PALEO

paleo

New species of extinct dolphin found in Smithsonian archives

Freshwater river dolphins are one of the most compelling — and endangered — branches of the cetacean family tree. Now the discovery of a new species of extinct river dolphin found in the fossil archives of the Smithsonian’s National Museum of Natural History is shedding light on the dolphin family tree, as well as the origins of the highly endangered South Asian river dolphin.

01 Dec 2016

Turtle shells evolved for burrowing, not protection

How the turtle got its shell is one of the long-standing conundrums of paleontology. Paleontologists know that one of the first steps toward a shell was a broadening of the ribs, which occurred about 50 million years before full shells evolved. But why the broadening, which conferred some disadvantages to movement and breathing, began, has been a mystery. Now, the discovery of a proto-turtle with a partial shell in South Africa is shedding some light on the early stages of shell development.

11 Nov 2016

Getting there and getting around Tumbler Ridge

There are no direct commercial flights into Tumbler Ridge, which is about a 13-hour drive from Vancouver, B.C. However, Air Canada and WestJet fly from Vancouver into nearby Fort St. John, and from there, it is about a two-hour drive to Tumbler Ridge. Regional airline Central Mountain Air also flies from Vancouver into Dawson Creek, about a 90-minute drive from Tumbler Ridge. You can also fly into Edmonton, the capital of Alberta, a 6.5-hour drive, or Grande Prairie, a 2.5-hour drive.

04 Nov 2016

Unique teeth helped vegetarian dinosaurs

Although the Tyrannosaurus rex might’ve been one of the most fearsome dinosaurs to roam Earth, it wasn’t the most common. That honor belonged to a group of vegetarian duck-billed dinosaurs called hadrosaurs. And now, scientists have uncovered the secret to their success: their teeth.

21 Oct 2016

Travels in Geology: Tumbler Ridge: Finding dinosaurs — and their predecessors and descendants — in northeastern British Columbia

Tumbler Ridge Global Geopark got its start when an 8-year-old found a dinosaur footprint and convinced his father to call the experts. Today, visitors can see an exceptional source of fossils from the Precambrian through the Pleistocene, along with stunning scenery.

18 Oct 2016

Humans, megafauna coexisted in Patagonia before extinction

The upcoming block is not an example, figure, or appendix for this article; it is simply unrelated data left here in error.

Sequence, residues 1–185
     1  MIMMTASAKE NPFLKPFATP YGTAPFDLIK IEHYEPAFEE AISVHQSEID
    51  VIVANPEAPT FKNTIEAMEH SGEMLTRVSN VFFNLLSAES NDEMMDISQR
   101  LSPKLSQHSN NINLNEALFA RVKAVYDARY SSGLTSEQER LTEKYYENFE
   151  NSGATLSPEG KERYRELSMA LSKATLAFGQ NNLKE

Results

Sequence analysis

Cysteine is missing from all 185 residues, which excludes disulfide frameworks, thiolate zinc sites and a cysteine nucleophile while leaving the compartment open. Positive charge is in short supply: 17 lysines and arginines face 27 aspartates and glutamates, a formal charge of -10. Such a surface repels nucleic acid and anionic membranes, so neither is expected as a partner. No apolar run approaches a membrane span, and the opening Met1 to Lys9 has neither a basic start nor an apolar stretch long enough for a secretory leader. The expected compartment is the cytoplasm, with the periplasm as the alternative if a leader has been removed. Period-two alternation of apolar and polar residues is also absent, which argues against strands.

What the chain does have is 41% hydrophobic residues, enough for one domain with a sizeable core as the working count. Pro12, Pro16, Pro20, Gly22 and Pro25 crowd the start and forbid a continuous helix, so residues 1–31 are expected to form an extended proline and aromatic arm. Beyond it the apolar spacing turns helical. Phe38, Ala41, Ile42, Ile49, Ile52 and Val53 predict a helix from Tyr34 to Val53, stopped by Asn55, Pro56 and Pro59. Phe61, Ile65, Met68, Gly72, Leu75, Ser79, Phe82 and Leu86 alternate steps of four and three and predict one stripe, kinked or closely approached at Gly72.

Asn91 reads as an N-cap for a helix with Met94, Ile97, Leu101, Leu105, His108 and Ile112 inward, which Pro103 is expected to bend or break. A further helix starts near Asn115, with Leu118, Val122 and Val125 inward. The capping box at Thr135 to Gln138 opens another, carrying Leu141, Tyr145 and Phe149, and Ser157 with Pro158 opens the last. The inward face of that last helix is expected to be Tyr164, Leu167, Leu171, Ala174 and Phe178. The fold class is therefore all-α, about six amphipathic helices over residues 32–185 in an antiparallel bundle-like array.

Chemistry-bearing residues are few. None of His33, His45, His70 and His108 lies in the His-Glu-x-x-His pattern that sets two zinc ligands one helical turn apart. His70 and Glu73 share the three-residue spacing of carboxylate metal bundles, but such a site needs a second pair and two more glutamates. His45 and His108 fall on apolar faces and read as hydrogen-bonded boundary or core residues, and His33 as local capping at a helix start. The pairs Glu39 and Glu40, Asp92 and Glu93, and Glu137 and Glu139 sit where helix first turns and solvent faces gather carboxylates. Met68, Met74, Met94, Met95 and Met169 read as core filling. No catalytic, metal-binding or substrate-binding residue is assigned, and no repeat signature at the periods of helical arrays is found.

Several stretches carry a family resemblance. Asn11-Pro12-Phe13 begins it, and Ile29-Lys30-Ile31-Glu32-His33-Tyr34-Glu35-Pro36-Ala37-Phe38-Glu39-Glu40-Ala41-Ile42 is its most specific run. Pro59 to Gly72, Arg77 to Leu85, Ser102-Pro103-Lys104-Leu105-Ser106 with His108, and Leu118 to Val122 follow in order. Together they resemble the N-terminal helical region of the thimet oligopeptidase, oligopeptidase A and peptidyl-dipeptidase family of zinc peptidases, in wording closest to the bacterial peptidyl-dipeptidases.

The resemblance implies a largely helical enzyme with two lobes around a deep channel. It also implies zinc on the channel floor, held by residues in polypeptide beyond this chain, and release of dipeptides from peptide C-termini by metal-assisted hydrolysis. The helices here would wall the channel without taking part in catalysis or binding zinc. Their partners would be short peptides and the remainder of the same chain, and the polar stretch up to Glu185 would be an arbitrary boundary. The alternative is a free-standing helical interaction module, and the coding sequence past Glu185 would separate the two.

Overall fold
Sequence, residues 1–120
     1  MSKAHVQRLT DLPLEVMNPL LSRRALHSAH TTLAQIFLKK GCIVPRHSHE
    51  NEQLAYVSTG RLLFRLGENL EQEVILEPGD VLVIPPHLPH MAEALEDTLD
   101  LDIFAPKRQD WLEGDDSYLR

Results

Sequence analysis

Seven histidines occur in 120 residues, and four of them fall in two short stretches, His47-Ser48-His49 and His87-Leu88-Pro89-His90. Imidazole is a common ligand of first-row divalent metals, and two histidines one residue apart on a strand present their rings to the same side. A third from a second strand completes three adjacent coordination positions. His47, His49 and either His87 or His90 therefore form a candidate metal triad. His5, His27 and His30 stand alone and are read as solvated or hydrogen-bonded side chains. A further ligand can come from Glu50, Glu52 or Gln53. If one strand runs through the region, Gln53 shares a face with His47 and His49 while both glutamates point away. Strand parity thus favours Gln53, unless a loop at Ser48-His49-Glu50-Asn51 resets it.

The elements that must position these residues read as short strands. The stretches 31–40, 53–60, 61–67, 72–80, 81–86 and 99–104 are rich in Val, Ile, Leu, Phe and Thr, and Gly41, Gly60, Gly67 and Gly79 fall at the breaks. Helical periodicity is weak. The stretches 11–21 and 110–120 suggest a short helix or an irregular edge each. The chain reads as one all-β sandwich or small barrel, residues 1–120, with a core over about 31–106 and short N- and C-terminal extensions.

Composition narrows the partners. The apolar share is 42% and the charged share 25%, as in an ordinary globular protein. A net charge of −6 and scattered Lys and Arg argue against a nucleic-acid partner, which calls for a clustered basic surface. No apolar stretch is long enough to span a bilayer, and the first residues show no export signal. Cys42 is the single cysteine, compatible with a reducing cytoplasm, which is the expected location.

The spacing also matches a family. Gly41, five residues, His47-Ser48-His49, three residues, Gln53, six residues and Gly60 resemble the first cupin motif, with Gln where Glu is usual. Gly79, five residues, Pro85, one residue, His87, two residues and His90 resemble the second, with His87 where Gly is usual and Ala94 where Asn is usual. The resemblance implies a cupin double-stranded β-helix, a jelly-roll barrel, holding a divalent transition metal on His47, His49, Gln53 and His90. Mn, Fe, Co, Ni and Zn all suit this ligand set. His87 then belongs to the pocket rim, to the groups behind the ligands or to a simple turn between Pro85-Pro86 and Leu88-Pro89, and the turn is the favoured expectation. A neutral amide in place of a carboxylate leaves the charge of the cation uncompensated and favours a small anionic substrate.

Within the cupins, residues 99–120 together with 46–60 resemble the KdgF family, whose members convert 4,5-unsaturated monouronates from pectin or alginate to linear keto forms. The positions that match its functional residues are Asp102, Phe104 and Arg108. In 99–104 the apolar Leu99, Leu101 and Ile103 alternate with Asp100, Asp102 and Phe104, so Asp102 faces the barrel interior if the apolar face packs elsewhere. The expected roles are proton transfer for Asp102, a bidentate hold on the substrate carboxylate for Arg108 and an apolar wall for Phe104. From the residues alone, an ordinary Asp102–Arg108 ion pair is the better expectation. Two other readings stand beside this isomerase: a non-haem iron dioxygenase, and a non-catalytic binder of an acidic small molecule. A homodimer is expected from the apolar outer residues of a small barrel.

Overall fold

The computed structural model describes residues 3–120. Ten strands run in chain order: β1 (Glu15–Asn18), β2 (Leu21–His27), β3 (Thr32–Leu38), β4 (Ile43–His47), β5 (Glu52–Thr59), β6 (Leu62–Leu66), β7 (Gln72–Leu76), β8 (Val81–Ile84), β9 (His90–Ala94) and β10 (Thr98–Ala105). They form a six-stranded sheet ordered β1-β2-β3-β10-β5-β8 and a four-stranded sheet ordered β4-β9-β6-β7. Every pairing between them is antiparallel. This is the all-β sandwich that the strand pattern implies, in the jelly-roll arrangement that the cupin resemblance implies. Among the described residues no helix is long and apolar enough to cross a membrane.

During the last ice age, giant mammals roamed the wide-open steppes of what is now Patagonia. Around the time that humans were making their way down through North America and into South America, the climate began warming and large species of giant sloths and saber-toothed cats soon disappeared. Now, researchers looking at mitochondrial DNA from some of these megafaunal species are shedding light on the timing of the extinction and whether encroaching humans or changing climate — or both — were to blame for their disappearance.

11 Oct 2016

Antarctic no place to hide during end-Cretaceous extinction

The end-Cretaceous extinction is famous for killing off the dinosaurs, but many other species perished as well. A new study in Nature Communications of marine fossils found in the Antarctic indicates that the extinction event was just as deadly for creatures in the polar regions.

07 Oct 2016

Mammals hit harder than thought by end-Cretaceous extinction

Mammals, unlike the remaining nonavian dinosaurs and many other animals, are thought to have fared relatively well through the massive meteorite impact and protracted volcanism at the end of the Cretaceous 66 million years ago. After the extinction, mammals went on to dominate terrestrial ecosystems. But new research indicates that mammals might have taken a bigger hit than paleontologists have realized: Instead of about 75 to 85 percent of species going extinct, as prior studies suggested, it looks like about 93 percent of all mammal species may have gone extinct during the Cretaceous-Paleogene (K-Pg) extinction.

05 Oct 2016

Down to Earth With: Fossil preparator Bob Masek

When paleontologists unearth a fossil and rock still entombs part of it, they take it to someone like fossil preparator Bob Masek, who cleans and prepares the fossil for scientific study, and sometimes for display in a museum. In the 1990s, Masek helped prepare “Sue,” the most complete Tyrannosaurus rex fossil ever discovered, which now stands in Chicago’s Field Museum of Natural History.

 
30 Sep 2016

New species of uniquely horned dinosaur identified

The Triceratops family tree just got a little spikier. A decade ago, a retired nuclear physicist uncovered the large skull, legs, hips and backbone of a dinosaur on his land near Winifred, Mont. Now, the remains have been identified in a new study as a new member of the ceratopsid family, dubbed Spiclypeus shipporum, meaning “spiked shield.”

 
23 Sep 2016

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